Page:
We tend to think of Apple as a company that can't do very much wrong. However, in this case, Apple was in the process of struggling to find the right market profile while also understanding that its way of doing business didn't fit in, in critical ways, with enterprise America. One way to view it was that Apple put its toes in the water, blinked and eventually withdrew, leaving some scars behind.
That's not to say Apple didn't have many, many satisfied enterprise customers, large and small. And it's still true today in the enterprise and government. Plus, Apple's focus on small business has been legendary. Apple made millions of dollars in Xserve from 2002 to 2010. But customers just kept wondering: why couldn't the best hardware company on the planet go all in with them? And the Apple sales teams, straining mightily to meet their sales quotas for an admittedly great product, wondered the same.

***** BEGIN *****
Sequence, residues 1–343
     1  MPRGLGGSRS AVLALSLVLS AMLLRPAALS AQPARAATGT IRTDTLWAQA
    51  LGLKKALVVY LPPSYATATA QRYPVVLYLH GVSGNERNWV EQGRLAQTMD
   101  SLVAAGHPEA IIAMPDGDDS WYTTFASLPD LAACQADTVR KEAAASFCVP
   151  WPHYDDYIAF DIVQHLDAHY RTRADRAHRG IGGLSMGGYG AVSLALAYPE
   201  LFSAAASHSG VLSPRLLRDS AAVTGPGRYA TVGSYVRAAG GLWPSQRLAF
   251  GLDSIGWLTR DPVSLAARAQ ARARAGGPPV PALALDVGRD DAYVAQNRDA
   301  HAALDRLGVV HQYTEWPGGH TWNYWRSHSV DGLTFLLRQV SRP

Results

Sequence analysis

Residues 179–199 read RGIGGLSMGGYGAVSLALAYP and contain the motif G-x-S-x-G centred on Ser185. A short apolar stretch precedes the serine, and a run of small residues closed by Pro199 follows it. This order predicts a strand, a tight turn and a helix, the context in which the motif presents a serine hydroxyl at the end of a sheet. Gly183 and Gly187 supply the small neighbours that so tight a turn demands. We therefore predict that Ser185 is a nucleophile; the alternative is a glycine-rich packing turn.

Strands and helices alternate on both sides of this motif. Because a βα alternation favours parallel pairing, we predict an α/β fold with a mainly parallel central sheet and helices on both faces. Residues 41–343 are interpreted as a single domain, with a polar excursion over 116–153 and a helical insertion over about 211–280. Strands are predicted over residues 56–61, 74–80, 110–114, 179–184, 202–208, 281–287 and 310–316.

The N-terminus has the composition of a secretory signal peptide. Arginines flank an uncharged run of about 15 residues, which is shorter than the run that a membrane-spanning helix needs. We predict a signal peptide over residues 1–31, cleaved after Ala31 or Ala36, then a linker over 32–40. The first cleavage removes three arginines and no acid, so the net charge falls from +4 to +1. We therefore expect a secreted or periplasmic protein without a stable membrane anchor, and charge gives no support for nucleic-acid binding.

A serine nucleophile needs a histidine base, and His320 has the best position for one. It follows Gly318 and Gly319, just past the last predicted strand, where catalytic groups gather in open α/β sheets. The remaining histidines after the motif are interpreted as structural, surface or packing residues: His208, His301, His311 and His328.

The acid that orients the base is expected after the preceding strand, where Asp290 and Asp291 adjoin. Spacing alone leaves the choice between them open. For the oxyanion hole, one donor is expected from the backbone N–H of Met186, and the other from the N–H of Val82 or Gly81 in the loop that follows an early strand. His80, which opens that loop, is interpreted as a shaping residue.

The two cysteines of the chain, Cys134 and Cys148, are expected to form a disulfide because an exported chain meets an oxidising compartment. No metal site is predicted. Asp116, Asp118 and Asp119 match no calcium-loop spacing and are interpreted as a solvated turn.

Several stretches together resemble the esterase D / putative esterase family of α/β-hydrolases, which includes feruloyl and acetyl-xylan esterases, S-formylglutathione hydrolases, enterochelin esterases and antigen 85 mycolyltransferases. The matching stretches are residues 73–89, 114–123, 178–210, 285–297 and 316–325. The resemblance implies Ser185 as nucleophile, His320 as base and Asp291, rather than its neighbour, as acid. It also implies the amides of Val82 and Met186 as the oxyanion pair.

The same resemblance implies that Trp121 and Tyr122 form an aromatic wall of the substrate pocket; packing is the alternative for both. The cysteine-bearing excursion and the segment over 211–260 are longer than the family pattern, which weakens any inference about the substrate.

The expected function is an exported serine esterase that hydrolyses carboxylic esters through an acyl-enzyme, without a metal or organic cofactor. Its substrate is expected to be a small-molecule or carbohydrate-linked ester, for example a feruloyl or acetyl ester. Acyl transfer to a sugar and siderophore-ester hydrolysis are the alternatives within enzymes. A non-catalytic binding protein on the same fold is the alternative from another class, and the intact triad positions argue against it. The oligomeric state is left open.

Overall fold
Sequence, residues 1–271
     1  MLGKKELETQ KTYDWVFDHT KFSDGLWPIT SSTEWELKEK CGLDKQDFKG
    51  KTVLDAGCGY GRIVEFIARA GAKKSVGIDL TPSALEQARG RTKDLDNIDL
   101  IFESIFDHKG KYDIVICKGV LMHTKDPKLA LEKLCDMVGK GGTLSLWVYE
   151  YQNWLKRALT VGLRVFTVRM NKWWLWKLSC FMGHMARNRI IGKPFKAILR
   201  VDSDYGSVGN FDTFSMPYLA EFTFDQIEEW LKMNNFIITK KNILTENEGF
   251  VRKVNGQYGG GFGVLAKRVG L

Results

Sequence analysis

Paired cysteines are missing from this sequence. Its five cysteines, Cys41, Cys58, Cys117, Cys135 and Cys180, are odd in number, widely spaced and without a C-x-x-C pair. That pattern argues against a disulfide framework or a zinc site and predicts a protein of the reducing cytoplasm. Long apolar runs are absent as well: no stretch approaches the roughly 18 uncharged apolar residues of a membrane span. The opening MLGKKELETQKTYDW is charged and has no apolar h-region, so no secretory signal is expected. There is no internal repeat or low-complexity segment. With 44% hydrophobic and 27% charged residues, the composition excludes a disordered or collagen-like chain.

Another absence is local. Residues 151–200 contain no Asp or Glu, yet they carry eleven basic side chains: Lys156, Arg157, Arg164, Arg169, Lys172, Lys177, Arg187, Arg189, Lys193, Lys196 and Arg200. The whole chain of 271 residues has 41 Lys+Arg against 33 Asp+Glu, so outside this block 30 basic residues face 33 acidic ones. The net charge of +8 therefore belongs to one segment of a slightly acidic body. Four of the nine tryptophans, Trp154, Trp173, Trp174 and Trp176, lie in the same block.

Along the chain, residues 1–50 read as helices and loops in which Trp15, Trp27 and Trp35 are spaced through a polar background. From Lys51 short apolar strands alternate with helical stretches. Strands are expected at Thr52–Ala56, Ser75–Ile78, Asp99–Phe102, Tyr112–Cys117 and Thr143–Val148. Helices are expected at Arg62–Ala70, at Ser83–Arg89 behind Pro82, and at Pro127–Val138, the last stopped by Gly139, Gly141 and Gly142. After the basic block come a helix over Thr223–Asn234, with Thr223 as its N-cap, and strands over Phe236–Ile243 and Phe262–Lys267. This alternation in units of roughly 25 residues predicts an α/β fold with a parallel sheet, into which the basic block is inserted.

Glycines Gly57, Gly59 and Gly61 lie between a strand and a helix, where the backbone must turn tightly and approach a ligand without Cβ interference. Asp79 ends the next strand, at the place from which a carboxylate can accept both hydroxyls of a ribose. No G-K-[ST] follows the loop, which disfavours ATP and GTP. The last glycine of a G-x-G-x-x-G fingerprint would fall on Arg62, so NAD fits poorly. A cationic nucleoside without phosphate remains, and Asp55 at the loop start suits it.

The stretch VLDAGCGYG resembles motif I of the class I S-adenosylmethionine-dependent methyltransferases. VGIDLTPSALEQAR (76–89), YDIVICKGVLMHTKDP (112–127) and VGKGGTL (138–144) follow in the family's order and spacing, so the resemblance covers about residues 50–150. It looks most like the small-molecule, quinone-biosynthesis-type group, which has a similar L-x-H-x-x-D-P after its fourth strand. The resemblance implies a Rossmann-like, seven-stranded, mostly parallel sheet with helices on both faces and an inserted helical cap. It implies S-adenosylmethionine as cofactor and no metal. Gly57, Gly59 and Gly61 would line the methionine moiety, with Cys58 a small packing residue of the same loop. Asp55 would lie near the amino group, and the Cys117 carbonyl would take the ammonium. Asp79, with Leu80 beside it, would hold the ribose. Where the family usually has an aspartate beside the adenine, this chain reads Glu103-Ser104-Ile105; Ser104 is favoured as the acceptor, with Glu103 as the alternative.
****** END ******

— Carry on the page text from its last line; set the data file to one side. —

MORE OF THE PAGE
Eventually, the company found that it was self-limited in what it could do there and discontinued the Xserve in late 2010. The Xserve era was a great ride, but, in the end, Apple had to screw the Xserve pooch, dust itself off, and become the iPhone/iPad company. Fortunately, Apple found its true niche with consumers. And so, it put an experimental past out to pasture and hasn't looked back.
Who knows what Apple might have achieved if it had approached enterprise sales in a more conventional fashion? But other companies, with the right name recognition, did it better and Apple didn't see a big future in competing with them. And so, it's hard to argue that, given Apple's unique penchant for product design and approach to the modern consumer, the current path is a bad idea.
Postscript on Xserve/RAID
While Mr. Dilger is almost always on the mark, one comment he made about the companion storage product, the Xserve/RAID, didn't ring true. His analysis:
XServe RAID was canceled even earlier because the NAS market wasn't at all impressed by lower prices; they preferred the assurance of acquiring drives rated for true enterprise duty, rather than the consumer-class disks Apple was trying to sell them as cheaper and "good enough."